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Review of Skallagrigg by


by William Horwood

Roommates lending books they love can be a dicey proposition. It wasn’t that I was worried I would dislike Skallagrigg; I just worried I wouldn’t like it enough. This feeling stayed with me for the first part of the book, because it didn’t seem very straightforward at first. There was cryptic foreshadowing that would make sense towards the end. Thankfully, after the first few chapters, the book changes tack and becomes much easier to like. William Horwood deftly balances the excitement of the vista of 1980s computing with the challenges that being physically disabled presents (in any era). Skallagrigg is a canvas of hope and disappointment and all the states of being in between.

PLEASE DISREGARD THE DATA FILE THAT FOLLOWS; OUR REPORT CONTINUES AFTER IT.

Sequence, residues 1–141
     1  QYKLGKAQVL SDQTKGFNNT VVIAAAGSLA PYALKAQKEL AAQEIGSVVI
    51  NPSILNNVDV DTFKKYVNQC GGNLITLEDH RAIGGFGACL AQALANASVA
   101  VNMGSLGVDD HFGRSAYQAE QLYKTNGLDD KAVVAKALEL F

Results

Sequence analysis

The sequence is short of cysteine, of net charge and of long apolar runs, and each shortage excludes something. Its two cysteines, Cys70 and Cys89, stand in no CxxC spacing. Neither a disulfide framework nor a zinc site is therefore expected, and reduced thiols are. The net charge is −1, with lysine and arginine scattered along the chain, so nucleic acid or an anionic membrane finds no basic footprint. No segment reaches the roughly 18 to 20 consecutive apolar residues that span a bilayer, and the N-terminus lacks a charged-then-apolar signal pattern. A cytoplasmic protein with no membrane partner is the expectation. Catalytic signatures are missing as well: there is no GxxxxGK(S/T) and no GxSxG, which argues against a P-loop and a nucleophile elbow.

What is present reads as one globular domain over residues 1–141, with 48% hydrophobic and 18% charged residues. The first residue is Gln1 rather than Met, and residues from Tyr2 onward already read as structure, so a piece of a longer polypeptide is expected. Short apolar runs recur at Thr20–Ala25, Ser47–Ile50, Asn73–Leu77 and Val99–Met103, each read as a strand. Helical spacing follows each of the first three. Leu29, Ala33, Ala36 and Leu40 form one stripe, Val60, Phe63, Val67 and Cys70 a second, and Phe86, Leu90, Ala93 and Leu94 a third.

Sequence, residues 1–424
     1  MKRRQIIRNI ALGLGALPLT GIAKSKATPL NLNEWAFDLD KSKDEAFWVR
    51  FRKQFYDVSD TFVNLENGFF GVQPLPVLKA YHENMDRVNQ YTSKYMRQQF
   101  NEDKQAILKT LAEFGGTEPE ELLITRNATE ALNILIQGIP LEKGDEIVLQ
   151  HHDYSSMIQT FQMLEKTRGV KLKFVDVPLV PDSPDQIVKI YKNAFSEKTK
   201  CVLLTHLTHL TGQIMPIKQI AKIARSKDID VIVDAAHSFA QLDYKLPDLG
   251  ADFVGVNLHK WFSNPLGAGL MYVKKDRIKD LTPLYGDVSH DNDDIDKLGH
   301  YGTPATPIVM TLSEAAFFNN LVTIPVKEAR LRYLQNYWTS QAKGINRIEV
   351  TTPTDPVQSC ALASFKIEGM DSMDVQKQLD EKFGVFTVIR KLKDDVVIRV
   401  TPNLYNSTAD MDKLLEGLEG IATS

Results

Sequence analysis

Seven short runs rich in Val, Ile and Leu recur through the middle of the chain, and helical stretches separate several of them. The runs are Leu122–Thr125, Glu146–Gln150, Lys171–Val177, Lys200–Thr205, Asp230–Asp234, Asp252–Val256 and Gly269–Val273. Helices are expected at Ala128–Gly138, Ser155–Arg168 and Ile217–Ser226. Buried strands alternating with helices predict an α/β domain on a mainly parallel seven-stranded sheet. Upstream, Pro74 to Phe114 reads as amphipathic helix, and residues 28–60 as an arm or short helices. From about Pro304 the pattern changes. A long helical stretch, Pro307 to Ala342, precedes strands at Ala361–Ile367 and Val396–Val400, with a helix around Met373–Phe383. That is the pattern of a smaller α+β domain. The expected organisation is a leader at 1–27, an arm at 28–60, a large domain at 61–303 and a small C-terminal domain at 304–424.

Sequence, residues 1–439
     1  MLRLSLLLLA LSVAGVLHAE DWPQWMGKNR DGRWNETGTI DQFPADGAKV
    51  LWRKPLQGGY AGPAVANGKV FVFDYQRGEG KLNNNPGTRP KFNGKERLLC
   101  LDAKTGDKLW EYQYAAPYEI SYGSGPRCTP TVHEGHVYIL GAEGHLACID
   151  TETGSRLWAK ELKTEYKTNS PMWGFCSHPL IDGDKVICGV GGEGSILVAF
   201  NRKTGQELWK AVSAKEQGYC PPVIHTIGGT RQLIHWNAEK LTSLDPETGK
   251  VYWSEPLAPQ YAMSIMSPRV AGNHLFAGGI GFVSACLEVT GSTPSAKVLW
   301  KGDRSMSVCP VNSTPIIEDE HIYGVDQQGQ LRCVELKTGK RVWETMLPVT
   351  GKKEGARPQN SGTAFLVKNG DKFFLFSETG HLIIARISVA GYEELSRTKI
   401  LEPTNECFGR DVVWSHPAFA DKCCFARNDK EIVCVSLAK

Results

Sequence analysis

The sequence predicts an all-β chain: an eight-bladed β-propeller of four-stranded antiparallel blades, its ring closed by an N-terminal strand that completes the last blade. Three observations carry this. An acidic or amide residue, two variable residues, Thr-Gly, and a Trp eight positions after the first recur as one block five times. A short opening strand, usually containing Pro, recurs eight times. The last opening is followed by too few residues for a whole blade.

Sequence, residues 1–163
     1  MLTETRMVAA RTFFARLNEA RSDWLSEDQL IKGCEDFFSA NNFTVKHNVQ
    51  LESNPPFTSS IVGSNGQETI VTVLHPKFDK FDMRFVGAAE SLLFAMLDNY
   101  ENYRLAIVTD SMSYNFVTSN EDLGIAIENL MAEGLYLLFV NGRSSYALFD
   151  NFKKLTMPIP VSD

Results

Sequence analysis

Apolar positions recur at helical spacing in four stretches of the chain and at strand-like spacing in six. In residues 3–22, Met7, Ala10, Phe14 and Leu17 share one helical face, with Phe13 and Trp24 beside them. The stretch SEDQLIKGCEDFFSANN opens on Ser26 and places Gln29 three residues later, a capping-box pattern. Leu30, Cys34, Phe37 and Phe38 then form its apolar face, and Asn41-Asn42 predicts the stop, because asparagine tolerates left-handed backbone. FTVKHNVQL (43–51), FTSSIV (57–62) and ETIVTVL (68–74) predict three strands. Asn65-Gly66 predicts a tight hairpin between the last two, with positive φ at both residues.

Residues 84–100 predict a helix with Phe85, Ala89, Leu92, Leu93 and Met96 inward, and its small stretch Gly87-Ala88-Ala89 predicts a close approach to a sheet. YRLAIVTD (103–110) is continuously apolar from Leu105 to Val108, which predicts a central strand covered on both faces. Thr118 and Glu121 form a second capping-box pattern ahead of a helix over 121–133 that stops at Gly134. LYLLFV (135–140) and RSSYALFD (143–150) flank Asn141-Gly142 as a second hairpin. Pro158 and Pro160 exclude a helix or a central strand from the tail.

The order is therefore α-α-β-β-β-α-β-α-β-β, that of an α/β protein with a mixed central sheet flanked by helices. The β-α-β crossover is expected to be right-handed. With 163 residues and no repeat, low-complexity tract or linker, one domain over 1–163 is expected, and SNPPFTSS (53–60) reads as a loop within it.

Esther Marquand has cerebral palsy and is confined to a wheelchair. At first, her father, Richard, is unsure what to do with her. She is a reminder of losing his wife, and like most able-bodied people, he isn’t sure how to interact with her. For a while, he remains distant—but he can never bring himself to abandon her completely. That’s all she needs. Gradually, Richard takes a more active interest in Esther’s life and development, eventually purchasing a more suitable home and moving her out of the place that is caring for her. As they learn how to communicate, Richard and Esther’s relationship becomes more like that of any father and daughter, complete with the occasional conflict over Richard’s affections, Esther’s future, and grandparents. Horwood is very skilled at creating characters who are sympathetic because they are three-dimensional. Richard is nice; he loves Esther and has her best interest in heart. But he’s not perfect, and sometimes he doesn’t understand Esther’s choices. Similarly, Esther spends quite a bit of time being rude to Richard’s girlfriend, despite her grace and courtesy. It’s a typical rejection of someone she feels is usurping the affection that should be hers. While Horwood carefully depicts the challenges Esther faces, being dependent on others for the most basic necessities, he also makes it clear that, mentally and emotionally, she undergoes the same developments and changes that we all do.